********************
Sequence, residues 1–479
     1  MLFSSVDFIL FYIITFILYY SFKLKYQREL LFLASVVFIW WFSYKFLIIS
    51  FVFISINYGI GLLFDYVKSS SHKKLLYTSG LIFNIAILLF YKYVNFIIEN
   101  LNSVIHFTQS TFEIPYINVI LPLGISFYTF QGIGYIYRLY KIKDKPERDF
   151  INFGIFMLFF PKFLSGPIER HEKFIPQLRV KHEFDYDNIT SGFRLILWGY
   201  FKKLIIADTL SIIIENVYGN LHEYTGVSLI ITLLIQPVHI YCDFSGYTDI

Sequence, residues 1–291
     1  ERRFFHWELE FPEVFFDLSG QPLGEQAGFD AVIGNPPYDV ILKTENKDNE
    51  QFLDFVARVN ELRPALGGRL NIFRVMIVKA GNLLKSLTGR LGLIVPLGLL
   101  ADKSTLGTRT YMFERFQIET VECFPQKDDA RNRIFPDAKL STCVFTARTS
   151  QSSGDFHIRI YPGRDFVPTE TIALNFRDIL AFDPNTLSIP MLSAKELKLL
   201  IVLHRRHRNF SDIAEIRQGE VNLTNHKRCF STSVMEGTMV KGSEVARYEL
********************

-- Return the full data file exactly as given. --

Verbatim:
Sequence, residues 1–479
     1  MLFSSVDFIL FYIITFILYY SFKLKYQREL LFLASVVFIW WFSYKFLIIS
    51  FVFISINYGI GLLFDYVKSS SHKKLLYTSG LIFNIAILLF YKYVNFIIEN
   101  LNSVIHFTQS TFEIPYINVI LPLGISFYTF QGIGYIYRLY KIKDKPERDF
   151  INFGIFMLFF PKFLSGPIER HEKFIPQLRV KHEFDYDNIT SGFRLILWGY
   201  FKKLIIADTL SIIIENVYGN LHEYTGVSLI ITLLIQPVHI YCDFSGYTDI

Sequence, residues 1–291
     1  ERRFFHWELE FPEVFFDLSG QPLGEQAGFD AVIGNPPYDV ILKTENKDNE
    51  QFLDFVARVN ELRPALGGRL NIFRVMIVKA GNLLKSLTGR LGLIVPLGLL
   101  ADKSTLGTRT YMFERFQIET VECFPQKDDA RNRIFPDAKL STCVFTARTS
   151  QSSGDFHIRI YPGRDFVPTE TIALNFRDIL AFDPNTLSIP MLSAKELKLL
   201  IVLHRRHRNF SDIAEIRQGE VNLTNHKRCF STSVMEGTMV KGSEVARYEL